What drives people to murder-suicide?
- 28 March 2015
- From the section Health
The question has been raised - is 27-year-old Andreas Lubitz a mass murderer for bringing down a plane full of passengers, killing everyone on board?
Reports of a "mass murder" investigation in France and pictures of German policemen carting bags of evidence from his parents' home suggest that officials are determined to find out.
But this appears to be a case of murder-suicide, which is very different and extremely rare.
In these incidents, one person wishing to end their life takes the lives of others - in this case, complete strangers - at the same time.
The statistics show that most murder-suicides happen in domestic settings, and involve a man and his spouse.
Murder-suicides involving pilots or in gun massacres are, in fact, much, much rarer.
What drives people to these acts is therefore virtually impossible to determine because there is no common theme and the perpetrators don't leave notes explaining their actions.
In contrast to the motivations of a suicide bomber, which are intentionally well-publicised, those behind a murder-suicide are usually more difficult to fathom.
No-one, of course, can pretend to know what was in Lubitz's mind as he locked the cockpit door and instigated the plane's devastating descent.
Simon Wessely, president of the Royal College of Psychiatrists, says it's unlikely we will ever know.
"It's possible something will emerge, but in most suicides people leave clues or a message.
"Incredibly extreme events like this are sometimes just inexplicable."
Despite this, the media has been quick to point the finger at Lubitz's history of depression.
German newspapers have also reported that he had received psychiatric treatment and may have been experiencing a "personal life crisis".
In reality, there is a multitude of factors, feelings and personality traits which could push someone to such an extreme course of action.
Alcohol problems, drug misuse, broken relationships or marriages, personality disorders, work stresses - in the past or at the time of the act - can all play a part.
Mental health charities agree, and have been queuing up to plead for more understanding about depression, and less sensationalist language.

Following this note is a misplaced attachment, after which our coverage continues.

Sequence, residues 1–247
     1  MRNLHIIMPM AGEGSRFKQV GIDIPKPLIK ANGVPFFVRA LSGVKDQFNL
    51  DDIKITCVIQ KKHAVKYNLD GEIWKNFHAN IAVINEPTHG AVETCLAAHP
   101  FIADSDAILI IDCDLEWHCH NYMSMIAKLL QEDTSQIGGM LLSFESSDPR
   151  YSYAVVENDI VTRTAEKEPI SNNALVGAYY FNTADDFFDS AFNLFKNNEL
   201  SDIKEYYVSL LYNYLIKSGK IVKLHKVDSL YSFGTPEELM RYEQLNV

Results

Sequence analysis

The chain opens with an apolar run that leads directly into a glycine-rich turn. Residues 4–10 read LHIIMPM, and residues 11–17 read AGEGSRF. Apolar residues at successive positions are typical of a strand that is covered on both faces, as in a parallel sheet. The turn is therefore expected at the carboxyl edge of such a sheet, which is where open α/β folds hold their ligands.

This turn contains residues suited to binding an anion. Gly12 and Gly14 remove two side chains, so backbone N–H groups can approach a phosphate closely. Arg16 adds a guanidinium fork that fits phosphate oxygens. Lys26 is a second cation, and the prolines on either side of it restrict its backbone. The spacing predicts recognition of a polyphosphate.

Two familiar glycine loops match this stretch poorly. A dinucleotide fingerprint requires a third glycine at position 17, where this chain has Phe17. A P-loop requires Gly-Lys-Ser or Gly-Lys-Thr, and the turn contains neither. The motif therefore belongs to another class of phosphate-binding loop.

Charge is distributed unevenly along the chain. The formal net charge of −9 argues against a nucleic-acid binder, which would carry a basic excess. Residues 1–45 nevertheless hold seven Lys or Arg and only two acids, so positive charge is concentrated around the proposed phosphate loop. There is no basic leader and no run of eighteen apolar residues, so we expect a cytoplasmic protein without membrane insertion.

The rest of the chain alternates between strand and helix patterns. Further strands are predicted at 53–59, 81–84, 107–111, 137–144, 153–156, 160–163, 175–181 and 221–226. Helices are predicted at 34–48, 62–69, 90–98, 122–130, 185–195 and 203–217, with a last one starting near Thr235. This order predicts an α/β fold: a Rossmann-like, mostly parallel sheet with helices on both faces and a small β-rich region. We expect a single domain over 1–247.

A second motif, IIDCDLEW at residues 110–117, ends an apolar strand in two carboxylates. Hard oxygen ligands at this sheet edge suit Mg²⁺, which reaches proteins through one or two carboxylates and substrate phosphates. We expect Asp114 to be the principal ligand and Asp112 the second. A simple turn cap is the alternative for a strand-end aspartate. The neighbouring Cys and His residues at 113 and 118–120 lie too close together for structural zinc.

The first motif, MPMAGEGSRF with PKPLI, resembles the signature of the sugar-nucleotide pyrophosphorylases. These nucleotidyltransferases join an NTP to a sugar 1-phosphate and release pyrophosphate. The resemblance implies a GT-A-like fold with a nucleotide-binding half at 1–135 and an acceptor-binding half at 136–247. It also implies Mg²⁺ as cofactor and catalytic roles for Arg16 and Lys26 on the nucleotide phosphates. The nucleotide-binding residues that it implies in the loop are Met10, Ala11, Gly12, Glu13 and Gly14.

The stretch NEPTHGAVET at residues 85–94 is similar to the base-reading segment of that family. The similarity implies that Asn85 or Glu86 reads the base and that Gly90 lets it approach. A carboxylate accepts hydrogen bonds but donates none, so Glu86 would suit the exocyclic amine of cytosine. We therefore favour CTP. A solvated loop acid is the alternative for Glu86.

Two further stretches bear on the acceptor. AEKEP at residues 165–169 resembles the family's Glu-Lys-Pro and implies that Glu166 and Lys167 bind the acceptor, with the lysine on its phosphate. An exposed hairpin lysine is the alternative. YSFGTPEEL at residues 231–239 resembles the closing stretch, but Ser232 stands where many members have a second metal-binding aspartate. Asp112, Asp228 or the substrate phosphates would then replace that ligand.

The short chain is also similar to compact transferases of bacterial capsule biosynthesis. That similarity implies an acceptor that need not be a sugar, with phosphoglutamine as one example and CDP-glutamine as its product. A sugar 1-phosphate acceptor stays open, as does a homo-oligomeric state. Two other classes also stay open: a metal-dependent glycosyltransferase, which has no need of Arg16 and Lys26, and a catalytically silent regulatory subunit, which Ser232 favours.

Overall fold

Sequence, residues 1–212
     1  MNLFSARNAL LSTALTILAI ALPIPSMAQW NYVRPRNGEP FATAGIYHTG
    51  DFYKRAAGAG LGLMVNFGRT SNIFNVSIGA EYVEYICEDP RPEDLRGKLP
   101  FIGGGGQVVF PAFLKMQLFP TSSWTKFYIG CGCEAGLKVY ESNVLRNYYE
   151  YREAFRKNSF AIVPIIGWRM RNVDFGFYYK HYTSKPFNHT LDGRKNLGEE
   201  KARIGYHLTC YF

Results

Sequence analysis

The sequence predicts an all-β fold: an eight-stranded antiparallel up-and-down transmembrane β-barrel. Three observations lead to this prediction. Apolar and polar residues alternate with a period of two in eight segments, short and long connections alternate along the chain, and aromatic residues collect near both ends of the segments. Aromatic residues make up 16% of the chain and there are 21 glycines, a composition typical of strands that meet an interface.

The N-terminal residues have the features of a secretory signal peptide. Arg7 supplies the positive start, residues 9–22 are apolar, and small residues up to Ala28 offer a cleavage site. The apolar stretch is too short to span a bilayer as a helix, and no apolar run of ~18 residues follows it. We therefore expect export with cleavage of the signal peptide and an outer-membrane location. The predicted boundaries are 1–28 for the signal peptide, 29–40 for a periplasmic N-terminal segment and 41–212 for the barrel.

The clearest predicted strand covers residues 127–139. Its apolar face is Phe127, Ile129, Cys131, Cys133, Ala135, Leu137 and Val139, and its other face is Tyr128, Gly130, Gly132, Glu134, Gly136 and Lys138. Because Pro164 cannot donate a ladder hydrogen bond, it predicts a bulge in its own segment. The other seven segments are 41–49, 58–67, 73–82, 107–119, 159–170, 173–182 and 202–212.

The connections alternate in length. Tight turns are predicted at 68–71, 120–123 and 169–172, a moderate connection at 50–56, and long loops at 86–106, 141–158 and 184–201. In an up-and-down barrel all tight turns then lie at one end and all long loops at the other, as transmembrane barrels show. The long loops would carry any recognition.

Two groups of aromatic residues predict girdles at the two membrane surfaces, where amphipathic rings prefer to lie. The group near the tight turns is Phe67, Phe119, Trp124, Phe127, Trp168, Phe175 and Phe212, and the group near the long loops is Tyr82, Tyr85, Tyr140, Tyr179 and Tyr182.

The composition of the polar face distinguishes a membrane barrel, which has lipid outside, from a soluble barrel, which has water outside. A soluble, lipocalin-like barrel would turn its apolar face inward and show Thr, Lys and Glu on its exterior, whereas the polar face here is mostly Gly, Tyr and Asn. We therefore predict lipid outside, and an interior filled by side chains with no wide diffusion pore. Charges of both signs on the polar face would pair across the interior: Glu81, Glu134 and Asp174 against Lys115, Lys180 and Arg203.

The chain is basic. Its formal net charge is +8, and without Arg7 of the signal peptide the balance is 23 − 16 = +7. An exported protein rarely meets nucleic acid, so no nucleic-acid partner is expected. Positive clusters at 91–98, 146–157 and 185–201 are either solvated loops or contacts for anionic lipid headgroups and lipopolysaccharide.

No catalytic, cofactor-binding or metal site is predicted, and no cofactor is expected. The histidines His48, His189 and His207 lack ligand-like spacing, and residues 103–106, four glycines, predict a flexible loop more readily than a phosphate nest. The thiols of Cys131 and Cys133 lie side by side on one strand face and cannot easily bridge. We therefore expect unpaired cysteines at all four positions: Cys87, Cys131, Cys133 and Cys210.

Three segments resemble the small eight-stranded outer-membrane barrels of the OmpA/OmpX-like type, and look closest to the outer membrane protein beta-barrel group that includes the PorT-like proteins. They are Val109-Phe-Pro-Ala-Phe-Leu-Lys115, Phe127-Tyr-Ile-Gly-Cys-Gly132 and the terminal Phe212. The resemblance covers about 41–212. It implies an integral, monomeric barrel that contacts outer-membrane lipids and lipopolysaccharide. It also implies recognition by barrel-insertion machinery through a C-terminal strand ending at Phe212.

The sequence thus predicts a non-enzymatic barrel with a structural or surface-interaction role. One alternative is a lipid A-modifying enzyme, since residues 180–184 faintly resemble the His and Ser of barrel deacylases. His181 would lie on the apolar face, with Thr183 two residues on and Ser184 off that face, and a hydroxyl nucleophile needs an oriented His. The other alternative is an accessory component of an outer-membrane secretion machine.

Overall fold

They say the vast majority of people with depression do not hurt anyone, and research shows that their risk is primarily to themselves.
Marjorie Wallace, chief executive of mental health charity Sane, says: "There are thousands of people with a diagnosis of depression, including pilots, who work, hold positions of high responsibility and who present no danger whatsoever.
"We do not know what part depression played in this tragedy but it is a condition that should never be trivialised."
Charities said there was a danger that mental health problems could be stigmatised by coverage of the crash, making people more afraid to talk about their experiences.
Dr Paul Keedwell, consultant psychiatrist and specialist in mood disorders, also says mental health problems are not a sufficient explanation for what happened.
"Among cases of murder-suicide in general, the rate of previously diagnosed depression varies from 40% to 60%, depending on the context."
But he does say that of those who are depressed, very few are being treated for it.
It is clear that men find it particularly difficult to seek help if they have a history of mental illness.
In the UK, for example, 75% of suicides are in men.
Lubitz passed the tests set by his employer which indicated he was fit to fly, but it has since come to light that he may have been hiding an illness from them.
This illness and his seeming inability to talk about it or come to terms with it may hold some small clue to his actions.
But, in reality, there is never going to be an adequate explanation for murder-suicides - particularly for the families of those killed.